Couple: Squatters living in Detroit home being purchased - DC News FOX 5 DC WTTG

Couple: Squatters living in Detroit home being purchased

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A couple says squatters are living in this home on Detroit's west side.  (Credit: WJBK | A couple says squatters are living in this home on Detroit's west side. (Credit: WJBK |

"This is my house.  I worked so hard to get this house," said Orna Spencer.

It was supposed to be a happy day.  The papers signed and time to move into a home on Five Points Road on Detroit's west side.  Spencer, her husband and infant daughter were supposed to be living there, but squatters moved in.  The couple and the real estate agent were left standing outside baffled as to what to do with a house full of strangers.

"There were chairs on the lawn.  There were curtains in the window.  We knew that there were people in the house, but no one was supposed to be there," Spencer explained.  "I broke out in tears because I was supposed to move into this house on Monday."

The Spencers called the cops, but police can't just kick people out of a house, even if it's yours.  Real estate attorney Rod Dunlap explained why.

"If they have evidence that clearly this person's a trespasser, then they will sometimes be willing to kick the person out, but if there's any type of a legal issue on it, a lot of times you'll have the police officer saying this is a civil matter.  Let's let the courts make a decision on that."

The Spencers said they've had talks with the couple that is now squatting in the house.  The couple told the Spencers they bought the house for $10,000 from a mystery man.  Now HUD is in the process of evicting this couple, but that could take anywhere from three to six months.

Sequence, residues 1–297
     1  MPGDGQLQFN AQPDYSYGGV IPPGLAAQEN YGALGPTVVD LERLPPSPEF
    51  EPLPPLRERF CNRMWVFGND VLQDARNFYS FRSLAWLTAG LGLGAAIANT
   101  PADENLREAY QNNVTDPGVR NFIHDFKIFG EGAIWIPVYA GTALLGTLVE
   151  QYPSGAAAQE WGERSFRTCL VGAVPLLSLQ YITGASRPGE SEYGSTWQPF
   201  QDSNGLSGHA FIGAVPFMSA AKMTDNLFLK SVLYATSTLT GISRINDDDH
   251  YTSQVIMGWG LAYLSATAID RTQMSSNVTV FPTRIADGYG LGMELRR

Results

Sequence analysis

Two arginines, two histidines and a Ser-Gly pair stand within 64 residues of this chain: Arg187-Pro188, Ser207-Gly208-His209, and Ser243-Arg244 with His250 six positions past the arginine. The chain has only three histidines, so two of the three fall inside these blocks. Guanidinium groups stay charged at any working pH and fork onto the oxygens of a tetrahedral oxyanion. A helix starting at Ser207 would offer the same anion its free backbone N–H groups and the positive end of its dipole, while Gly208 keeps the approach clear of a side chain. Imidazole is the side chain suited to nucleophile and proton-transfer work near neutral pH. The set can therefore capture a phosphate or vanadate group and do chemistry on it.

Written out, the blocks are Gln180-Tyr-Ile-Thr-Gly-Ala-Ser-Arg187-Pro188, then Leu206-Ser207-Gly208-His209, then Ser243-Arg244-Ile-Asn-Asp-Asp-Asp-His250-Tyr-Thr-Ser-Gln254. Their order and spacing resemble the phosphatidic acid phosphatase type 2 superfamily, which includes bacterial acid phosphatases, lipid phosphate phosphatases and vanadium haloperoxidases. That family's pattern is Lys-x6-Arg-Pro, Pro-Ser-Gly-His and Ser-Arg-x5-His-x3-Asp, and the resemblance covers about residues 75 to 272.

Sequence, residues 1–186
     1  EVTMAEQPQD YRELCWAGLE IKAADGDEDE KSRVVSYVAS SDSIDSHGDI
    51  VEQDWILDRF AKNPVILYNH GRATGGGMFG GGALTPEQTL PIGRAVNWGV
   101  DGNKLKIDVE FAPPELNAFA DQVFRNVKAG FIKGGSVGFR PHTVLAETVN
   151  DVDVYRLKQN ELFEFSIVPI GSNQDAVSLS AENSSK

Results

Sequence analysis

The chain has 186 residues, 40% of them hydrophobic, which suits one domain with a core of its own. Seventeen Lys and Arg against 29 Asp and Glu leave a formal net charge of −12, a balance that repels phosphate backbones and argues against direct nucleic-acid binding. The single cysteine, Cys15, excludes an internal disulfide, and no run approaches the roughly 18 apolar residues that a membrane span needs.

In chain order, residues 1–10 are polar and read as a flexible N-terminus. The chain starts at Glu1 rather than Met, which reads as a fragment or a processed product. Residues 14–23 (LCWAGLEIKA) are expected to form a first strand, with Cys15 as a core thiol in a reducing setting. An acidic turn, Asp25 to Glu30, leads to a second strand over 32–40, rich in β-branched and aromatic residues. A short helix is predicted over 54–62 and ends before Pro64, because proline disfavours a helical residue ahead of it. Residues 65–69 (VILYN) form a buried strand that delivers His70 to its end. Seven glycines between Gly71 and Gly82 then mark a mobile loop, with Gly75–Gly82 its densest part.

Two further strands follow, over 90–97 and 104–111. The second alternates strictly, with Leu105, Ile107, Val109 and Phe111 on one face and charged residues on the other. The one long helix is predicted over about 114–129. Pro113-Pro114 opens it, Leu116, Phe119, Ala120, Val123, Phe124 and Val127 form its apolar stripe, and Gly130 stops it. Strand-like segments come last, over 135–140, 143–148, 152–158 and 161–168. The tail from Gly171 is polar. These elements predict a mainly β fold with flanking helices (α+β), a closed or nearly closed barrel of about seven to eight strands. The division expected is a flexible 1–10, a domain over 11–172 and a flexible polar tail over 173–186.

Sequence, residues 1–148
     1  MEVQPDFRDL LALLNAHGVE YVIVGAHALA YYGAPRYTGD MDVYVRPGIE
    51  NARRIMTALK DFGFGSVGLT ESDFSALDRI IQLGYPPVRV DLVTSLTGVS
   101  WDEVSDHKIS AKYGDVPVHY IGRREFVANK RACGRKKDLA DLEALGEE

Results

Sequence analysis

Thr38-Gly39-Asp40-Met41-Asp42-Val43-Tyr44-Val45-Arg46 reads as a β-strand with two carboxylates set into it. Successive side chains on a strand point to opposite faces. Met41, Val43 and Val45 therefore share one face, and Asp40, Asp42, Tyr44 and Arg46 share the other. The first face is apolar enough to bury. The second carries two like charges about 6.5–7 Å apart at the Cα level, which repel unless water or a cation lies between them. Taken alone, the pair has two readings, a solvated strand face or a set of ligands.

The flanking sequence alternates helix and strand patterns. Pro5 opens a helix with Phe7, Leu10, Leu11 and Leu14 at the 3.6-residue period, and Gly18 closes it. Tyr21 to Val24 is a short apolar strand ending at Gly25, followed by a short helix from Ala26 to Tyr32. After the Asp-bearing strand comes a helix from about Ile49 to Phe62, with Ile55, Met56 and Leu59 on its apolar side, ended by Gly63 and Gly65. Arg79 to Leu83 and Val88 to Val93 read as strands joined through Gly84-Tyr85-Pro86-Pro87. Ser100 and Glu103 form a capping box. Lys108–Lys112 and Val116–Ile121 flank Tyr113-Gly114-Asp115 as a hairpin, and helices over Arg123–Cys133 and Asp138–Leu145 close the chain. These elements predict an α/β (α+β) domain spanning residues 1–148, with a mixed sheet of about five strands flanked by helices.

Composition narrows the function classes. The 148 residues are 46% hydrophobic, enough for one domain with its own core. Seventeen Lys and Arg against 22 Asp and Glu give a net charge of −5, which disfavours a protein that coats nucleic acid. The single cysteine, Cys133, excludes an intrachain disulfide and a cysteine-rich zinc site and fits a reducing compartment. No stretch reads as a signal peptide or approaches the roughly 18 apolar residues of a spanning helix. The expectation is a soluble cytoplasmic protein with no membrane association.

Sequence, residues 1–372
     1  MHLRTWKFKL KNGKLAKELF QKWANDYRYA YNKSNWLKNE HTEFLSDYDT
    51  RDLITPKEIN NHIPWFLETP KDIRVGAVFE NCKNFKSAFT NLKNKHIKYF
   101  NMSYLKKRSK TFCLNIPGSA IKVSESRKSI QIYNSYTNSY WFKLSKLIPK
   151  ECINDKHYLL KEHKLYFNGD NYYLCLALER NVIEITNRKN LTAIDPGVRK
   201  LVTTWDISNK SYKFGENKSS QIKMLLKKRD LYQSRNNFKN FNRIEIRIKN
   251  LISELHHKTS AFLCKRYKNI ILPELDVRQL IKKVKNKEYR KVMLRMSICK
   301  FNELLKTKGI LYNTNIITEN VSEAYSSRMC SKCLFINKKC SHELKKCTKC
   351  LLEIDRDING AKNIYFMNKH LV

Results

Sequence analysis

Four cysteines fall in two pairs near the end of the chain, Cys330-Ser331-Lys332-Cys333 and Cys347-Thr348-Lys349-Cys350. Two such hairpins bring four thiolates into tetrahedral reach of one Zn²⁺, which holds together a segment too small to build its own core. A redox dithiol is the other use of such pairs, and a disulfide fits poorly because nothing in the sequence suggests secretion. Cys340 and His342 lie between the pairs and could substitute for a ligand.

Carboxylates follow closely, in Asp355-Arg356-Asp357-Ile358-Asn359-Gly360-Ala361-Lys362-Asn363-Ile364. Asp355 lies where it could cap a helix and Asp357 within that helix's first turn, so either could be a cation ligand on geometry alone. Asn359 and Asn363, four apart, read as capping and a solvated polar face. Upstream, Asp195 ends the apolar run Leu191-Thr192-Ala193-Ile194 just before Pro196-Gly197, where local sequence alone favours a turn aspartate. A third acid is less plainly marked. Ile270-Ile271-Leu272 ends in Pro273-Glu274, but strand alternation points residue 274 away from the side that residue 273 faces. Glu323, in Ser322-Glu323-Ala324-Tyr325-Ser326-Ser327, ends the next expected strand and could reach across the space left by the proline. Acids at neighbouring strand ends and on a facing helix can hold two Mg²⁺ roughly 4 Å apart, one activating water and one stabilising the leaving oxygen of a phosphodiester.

"Their claim to us was that they paid $10,000 for this house to some gentleman that has no paperwork, no proof of anything, and if it's going to put them on the street, yes, I feel bad for them, but I can't feel bad for them more than I feel bad for myself because I have to take care of my family," Spencer said.

The Department of Housing and Urban Development has taken the house, so the Spencers don't have to take the squatters to court.  HUD is now mowing the lawn.  They've also posted an ultimatum on the front door, but the door on this matter isn't closed yet.  It's another issue regarding squatter's rights.  If they stay for too long, their rights have to be considered by a judge.

"It definitely takes time.  No doubt about it.  In the meantime, if the person's a squatter, a trespasser, that's to their advantage because they're staying somewhere for free," said Dunlap.

"When we get here, they're telling us that they bought the house.  There is no way that you could buy a house that is owned by HUD, and I have the proof and the paperwork," said Spencer.

There's more paperwork to be done before the Spencers move in for good.

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